SPOKANE, Wash. — Caydee Denney and Jeremy Barrett had plenty of fire. The rest of the top American pairs? Utter flameouts.
Last year’s surprise silver medalists attacked their short program with confidence and attitude Friday, something the rest of the field might want to try. Two-time defending champions Keauna McLaughlin and Rockne Brubaker were disastrous, making two major errors and a couple of smaller bobbles and tumbling all the way to seventh place heading into Saturday’s free skate. 2006 Olympians Rena Inoue and John Baldwin weren’t much better.
Safe to say the Chinese and Germans won’t be losing sleep over this stumblefest.
Denney and Barrett have 63.01 points, about a point in front of Caitlin Yankowskas and John Coughlin, whose best finish at nationals was sixth two years ago. Amanda Evora and Mark Ladwig, fourth last year, are third heading into Saturday’s free skate. Inoue and Baldwin are fourth, while McLaughlin and Brubaker are a whopping 10-plus points behind Denney and Barrett.
Who says skating results are predictable?
“I’m not going to lie, I’m upset,” said McLaughlin, who fell on their side-by-side triple salchows and fell on their death spiral. “I’ve got a fire lit inside of me. I’m going to go out and be aggressive, and I’m not going out without a fight.”
She’d better if she and Brubaker want to make it to Vancouver next month. The United States can send only two pairs to the Olympics, though selection is based on several events, not just results at nationals.
“I was disappointed,” coach John Nicks said. “It did not go as well as hoped; it did not go as well as planned.”
Denney and Barrett, meanwhile, have the look of a team on a mission — right down to those flame-red extensions in her hair.
The duo pulled off a major upset last season, winning the silver medal after all of six months together. That’s a stunning ascent in a sport where it usually takes years to develop the seamless unison and chemistry of a champion pair, and they continued to soar Friday.
“We felt pretty comfortable out there. And surprisingly very calm,” Barrett said. “So we’re looking forward to tomorrow.”
They look as if they’ve been together for a decade, landing their side-by-side triple toe loop jumps in perfect sync and right on the beat of the music. They were a little out-of-unison at the beginning of their side-by-side spins, yet looked like mirror images after only two revolutions.
But what really sets Denney and Barrett apart is their power, strength and go-for-broke attitude. There are plenty of skaters who would back off and play it safe in an Olympic year. Not these two. They’re still doing a throw triple flip, a jump few couples try because it’s so hard to get the hang time that makes it look cool.
And Denney must be part cat. She was crooked in the air of the flip, yet landed it with textbook ease.
“Caydee doesn’t really miss too many throws, even if she’s in a lean,” Barrett said. “She’s just so used to landing them.”
The tough tricks don’t slow them down, either. They flew around the rink like that mythical Firebird, the music they skated to.
“I love doing pairs so much, I want to show everyone what we can do,” Denney said. “It’s fun.”
Yankowskas and Coughlin had a ball, too. They landed all of their elements, their only noticeable error an out-of-sync side-by-side combination spin. Evora stepped out of their side-by-side triple toe loops and had to take a step forward when she couldn’t hold the landing on the throw triple loop.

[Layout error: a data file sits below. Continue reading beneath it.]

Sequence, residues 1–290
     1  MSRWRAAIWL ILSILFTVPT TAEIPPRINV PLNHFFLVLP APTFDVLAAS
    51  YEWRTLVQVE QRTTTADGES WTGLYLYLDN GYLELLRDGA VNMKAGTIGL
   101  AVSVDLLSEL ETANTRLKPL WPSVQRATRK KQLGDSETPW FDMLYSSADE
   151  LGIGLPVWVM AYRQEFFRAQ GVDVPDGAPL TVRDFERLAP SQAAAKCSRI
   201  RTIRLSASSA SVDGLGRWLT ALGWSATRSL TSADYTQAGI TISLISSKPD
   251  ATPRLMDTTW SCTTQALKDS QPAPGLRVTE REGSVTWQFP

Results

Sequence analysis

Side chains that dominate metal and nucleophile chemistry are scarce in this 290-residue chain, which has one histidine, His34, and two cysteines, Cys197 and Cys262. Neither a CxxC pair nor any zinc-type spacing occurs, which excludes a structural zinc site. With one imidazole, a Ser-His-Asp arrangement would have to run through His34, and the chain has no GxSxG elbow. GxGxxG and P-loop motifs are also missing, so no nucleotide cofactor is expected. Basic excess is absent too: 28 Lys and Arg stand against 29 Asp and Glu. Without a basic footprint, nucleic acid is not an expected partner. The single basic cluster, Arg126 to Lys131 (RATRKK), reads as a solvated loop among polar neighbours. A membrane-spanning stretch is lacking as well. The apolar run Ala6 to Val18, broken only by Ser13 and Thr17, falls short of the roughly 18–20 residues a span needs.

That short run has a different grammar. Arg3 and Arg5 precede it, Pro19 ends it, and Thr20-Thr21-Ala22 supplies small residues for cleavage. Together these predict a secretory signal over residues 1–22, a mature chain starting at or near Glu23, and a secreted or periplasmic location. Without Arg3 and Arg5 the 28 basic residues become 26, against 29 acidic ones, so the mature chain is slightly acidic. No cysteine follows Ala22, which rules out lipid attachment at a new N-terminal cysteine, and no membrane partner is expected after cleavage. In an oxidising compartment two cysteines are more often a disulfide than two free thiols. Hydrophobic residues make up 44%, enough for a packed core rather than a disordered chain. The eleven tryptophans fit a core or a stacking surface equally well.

Asked how the two relatively unknown couples will fare against the veterans behind them, Ladwig answered for him and Evora and Yankowskas and Coughlin.
“We are veterans,” Ladwig said.
Indeed, they were able to handle the pressure, unlike McLaughlin-Brubaker and Inoue-Baldwin.
McLaughlin and Brubaker started strong, doing a gorgeous split triple twist that sent her soaring high above the ice. But that was their lone highlight. In addition to her falls, he had a slight misstep on their footwork, and they were going in completely different directions as they came out of their side-by-side spins.
“We’ve been practicing really well all week. But after the mistake on the salchows, we got a little tentative,” Brubaker said. “You can’t skate afraid.”
Inoue and Baldwin broke out their throw triple axel for the first time in two seasons, but Inoue slipped off her edge as she landed, sending her tumbling to the ice. And Baldwin found a new way to mess up in his 24th appearance at the national championships — counting his singles career, he’s been coming since 1986 — stepping out of their side-by-side combination spin.
US Figure Skating Championships Results
1. Caydee Denney, Wesley Chapel, and Jeremy Barrett, Venice, 63.01 points.
2. Caitlin Yankowskas, Pelham, N.H., and John Coughlin, Kansas City, Mo., 62.09.
3. Amanda Evora, Bradenton, and Mark Ladwig, Parrish, 58.76.
4. Rena Inoue and John Baldwin, Santa Monica, Calif., 57.77.
5. Brooke Castile, Grosse Pointe Woods, Mich., and Ben Okolski, Ann Arbor, Mich., 55.64.
6. Amanda Dobbs, Riverside, Calif., and Joseph Jacobsen, Lake Arrowhead, Calif., 55.32.
7. Keauna McLaughlin, Los Angeles, and Rockne Brubaker, Algonquin, Ill., 52.55.
8. Molly Aaron, Scottsdale, Ariz., Daniyel Cohen, Waban, Mass., 52.19.
9. Tiffany Vise, Phoenix, and Don Baldwin, San Diego, 51.88.
10. Ameena Sheikh and Aaron VanCleave, Bloomfield Hills, Mich., 49.87.
11. Marissa Castelli, Cranston, R.I., and Simon Shnapir, Sudbury, Mass., 49.28.
12. Kendra Moyle, Chelsea, Mich., and Steven Pottenger, Dallas, 49.22.
13. Tracy Tanovich, Bradenton, and Michael Chau, Parrish, 49.00.
14. Andrea Best, Howell, Mich., and Trevor Young, West Bloomfield, Mich., 45.73.
15. Lisa Moore, Fort Collins, Colo., and Justin Gaumond, Littleton, Colo., 44.15.
16. Laura Lepzinski, Grand Rapids, Mich., and Ethan Burgess, Los Angeles, 42.47.